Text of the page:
What Is Law?


Law is the system of rules and guidelines that a society or community recognizes as regulating the behavior of its members. It serves a variety of purposes, including establishing standards, maintaining order, resolving disputes, and protecting liberties and rights. These purposes are reflected in many different types of laws, such as contract law, tort law, and criminal law. Laws can also be created to regulate a specific activity, such as banking or financial regulation, and to insure that private companies offering public utilities have a certain level of social responsibility.

Some laws are explicitly written and recognized as such, while others are more implicit in their nature. For example, the Titius-Bode law of planetary positions and Zipf’s law of linguistics are observed phenomena that may be loosely referred to as laws although they are not formally written down and tested in a court of law. Similarly, the principles of Occam’s razor in philosophy and Pareto’s principle of economics are often loosely referred to as laws even though they are not formalized theories or empirical studies.

A country’s legal system typically consists of a mix of formally written, codified law and judicially determined common law. In countries with common law systems, judges’ decisions are recognized as equal in status to legislative statutes and executive regulations. The judicial decision-making process is guided by the “doctrine of precedent” or stare decisis, meaning that decisions made in previous cases bind future courts to reach similar conclusions.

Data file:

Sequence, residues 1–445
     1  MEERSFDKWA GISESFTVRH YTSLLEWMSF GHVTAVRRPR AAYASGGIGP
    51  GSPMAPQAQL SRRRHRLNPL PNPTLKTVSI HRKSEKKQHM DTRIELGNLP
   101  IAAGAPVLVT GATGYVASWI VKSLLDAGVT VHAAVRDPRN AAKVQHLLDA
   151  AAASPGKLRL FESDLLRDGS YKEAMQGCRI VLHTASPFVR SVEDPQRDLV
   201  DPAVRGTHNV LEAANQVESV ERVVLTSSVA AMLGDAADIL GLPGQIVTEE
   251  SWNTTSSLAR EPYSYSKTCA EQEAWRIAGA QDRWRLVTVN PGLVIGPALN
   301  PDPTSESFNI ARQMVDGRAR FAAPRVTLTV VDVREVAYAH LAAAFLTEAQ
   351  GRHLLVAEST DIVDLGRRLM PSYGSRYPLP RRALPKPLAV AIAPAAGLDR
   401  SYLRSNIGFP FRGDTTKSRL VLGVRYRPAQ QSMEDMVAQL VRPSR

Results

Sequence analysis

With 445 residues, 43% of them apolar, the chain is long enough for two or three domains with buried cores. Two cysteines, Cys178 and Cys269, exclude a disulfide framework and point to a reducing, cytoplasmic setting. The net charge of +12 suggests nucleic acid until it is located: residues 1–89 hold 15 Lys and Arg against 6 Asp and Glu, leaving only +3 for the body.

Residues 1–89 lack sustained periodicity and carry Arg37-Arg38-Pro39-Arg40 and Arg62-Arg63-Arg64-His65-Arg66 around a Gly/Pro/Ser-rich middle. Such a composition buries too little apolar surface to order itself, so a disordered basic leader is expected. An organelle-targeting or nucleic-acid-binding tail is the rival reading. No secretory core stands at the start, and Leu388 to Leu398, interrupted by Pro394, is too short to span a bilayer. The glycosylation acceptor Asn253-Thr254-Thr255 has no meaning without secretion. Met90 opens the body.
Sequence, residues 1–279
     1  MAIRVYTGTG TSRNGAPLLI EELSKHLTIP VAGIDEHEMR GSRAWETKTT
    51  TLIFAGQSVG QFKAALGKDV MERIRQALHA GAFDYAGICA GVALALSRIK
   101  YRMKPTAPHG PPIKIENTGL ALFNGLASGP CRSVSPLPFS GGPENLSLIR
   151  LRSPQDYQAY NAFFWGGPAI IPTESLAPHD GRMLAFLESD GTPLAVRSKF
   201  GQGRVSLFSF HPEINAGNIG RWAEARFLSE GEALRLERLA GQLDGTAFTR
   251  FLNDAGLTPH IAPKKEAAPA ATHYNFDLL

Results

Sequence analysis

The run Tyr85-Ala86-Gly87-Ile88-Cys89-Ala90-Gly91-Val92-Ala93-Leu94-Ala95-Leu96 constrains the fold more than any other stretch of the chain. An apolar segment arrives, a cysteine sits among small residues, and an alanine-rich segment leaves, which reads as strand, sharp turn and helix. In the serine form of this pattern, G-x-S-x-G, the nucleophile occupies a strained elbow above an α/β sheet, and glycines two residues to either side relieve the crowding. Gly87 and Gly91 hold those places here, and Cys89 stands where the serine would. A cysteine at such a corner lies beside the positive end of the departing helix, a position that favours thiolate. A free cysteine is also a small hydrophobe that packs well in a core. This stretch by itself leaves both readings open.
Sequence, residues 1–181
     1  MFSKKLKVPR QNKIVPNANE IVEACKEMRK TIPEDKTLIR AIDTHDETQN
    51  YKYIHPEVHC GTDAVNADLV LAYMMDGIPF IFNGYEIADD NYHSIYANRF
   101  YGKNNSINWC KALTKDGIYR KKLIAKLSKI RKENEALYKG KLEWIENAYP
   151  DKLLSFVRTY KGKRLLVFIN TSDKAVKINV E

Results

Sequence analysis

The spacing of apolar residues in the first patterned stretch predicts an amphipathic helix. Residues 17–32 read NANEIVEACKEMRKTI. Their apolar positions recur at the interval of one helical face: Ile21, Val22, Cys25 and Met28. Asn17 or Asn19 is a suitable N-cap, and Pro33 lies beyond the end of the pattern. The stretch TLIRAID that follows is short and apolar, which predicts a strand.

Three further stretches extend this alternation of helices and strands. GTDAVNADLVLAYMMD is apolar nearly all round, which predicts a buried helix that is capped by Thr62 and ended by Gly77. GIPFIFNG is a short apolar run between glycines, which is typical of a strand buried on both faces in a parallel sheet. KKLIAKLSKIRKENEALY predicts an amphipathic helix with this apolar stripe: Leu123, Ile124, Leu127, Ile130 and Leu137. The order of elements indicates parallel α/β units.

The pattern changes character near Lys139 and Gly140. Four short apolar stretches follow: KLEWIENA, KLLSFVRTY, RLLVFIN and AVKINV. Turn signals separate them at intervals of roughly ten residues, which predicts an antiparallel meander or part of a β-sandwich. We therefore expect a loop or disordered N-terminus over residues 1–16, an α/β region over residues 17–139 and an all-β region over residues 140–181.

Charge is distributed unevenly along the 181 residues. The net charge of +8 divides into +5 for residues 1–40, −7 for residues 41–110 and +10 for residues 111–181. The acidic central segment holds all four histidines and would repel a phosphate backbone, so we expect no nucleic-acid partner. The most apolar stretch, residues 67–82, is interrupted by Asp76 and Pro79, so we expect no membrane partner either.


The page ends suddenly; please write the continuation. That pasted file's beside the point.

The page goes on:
In some societies, the power to enforce law is vested in the state, while in others it is shared between a central government and local governments or communities. The degree to which a system of law is centralized or decentralized depends on the political ideology and history of a nation, the type of society it is trying to create, and its economic development.

The underlying purpose of most laws is to control human conduct by making it subject to punishment or reward. Other important functions include ensuring fairness and justice, providing for orderly change, and providing incentives. Some legal systems serve some of these functions better than others. For example, an authoritarian regime can keep the peace and maintain the status quo, but it may also oppress minorities or its own political opponents (as in Burma under Saddam Hussein’s rule). Other legal systems are designed to provide checks on government power and protect property, freedom of speech, and other fundamental rights regardless of social class or wealth. These types of legal systems are characterized as being stable and enduring. They are based on principles of democratic accountability, free press, and other mechanisms for checking the balance of power between the government and its citizens. In addition, these countries have laws that formally guarantee basic human, procedural, and property rights for all citizens.